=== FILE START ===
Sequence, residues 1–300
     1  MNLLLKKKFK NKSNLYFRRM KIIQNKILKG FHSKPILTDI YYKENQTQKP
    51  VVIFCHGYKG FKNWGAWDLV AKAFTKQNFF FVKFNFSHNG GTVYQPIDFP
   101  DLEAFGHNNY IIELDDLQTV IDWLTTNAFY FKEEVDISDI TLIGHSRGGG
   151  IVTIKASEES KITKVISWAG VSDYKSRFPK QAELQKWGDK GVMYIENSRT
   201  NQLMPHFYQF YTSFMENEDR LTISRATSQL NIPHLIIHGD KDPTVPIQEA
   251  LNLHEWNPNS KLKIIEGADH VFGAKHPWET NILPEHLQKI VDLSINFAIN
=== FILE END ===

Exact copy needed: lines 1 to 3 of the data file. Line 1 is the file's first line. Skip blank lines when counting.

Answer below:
Sequence, residues 1–300
     1  MNLLLKKKFK NKSNLYFRRM KIIQNKILKG FHSKPILTDI YYKENQTQKP
    51  VVIFCHGYKG FKNWGAWDLV AKAFTKQNFF FVKFNFSHNG GTVYQPIDFP